I'd assume the lack of good documentation is because muzzle loaders simply aren't firearms in most American states. Can be bought through the mail with no background check, so theres no great need to be overly formal with the gun description. Its not something our American cousins would have to be concerned about whether its in theory a .44 or .45.
Mr Rollo - I think you'll find that it is the general attitude of our US cousins to blame for the lack of correct use, rather than the lack of instructions.
Litiginous USA is a by-word for the way that the ysue at the drop of a hat if there is anything that they can possible sue for, and certainly NO firearm could be sold in the USA without a comprehensive set of instruction on how to use it correctly. In fact, my Redhawk instructions even include a firm admonition NOT to climb trees with the revolver cocked.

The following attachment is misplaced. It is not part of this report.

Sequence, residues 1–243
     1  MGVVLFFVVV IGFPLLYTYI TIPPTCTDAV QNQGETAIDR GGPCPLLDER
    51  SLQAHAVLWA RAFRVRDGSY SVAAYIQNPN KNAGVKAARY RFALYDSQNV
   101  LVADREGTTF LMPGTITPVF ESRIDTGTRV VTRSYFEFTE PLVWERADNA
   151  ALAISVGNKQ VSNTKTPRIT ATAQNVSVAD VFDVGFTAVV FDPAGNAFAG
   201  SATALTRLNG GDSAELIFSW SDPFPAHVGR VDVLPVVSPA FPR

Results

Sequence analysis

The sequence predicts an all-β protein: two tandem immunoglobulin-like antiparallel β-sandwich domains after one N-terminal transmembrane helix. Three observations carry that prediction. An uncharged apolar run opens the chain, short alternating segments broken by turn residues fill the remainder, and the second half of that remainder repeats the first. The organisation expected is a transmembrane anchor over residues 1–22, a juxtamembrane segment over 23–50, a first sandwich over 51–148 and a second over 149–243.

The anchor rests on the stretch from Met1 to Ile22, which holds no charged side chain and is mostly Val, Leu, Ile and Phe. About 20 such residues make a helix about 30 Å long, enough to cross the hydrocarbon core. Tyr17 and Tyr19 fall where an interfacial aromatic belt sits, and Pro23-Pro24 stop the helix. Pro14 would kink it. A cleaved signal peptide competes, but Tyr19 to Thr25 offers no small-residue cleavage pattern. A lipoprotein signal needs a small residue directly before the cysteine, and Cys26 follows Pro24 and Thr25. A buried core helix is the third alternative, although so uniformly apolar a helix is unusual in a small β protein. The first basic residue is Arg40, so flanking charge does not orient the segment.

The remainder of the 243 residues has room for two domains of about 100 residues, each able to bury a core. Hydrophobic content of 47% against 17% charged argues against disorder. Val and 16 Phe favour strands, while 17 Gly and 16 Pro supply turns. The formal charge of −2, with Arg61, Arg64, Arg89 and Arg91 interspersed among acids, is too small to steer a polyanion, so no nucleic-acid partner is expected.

As one famous American once said, 'when all else fails, read the instructions'.
Logically then, if we are unable to define calibre, there is little point in discussing say whether a gun is .44 or .45 as there is no means of validating the assumption.
Ruger Old Army 44, Rossi Puma 357, Armi Sport Le Page, Parker Hale Musketoon, Pedersoli Mortimer, Lee Enfield No 4, Weihrauch HW95K & HW90, Original Mod 5, Diana Mod 5, Webley Senior, Webley Falcon & Jaguar, Daisy, Baikal S/B, Arquebus.
For our purposes in the UK in relation to certification, the calibre is whatever the maker stamps on it......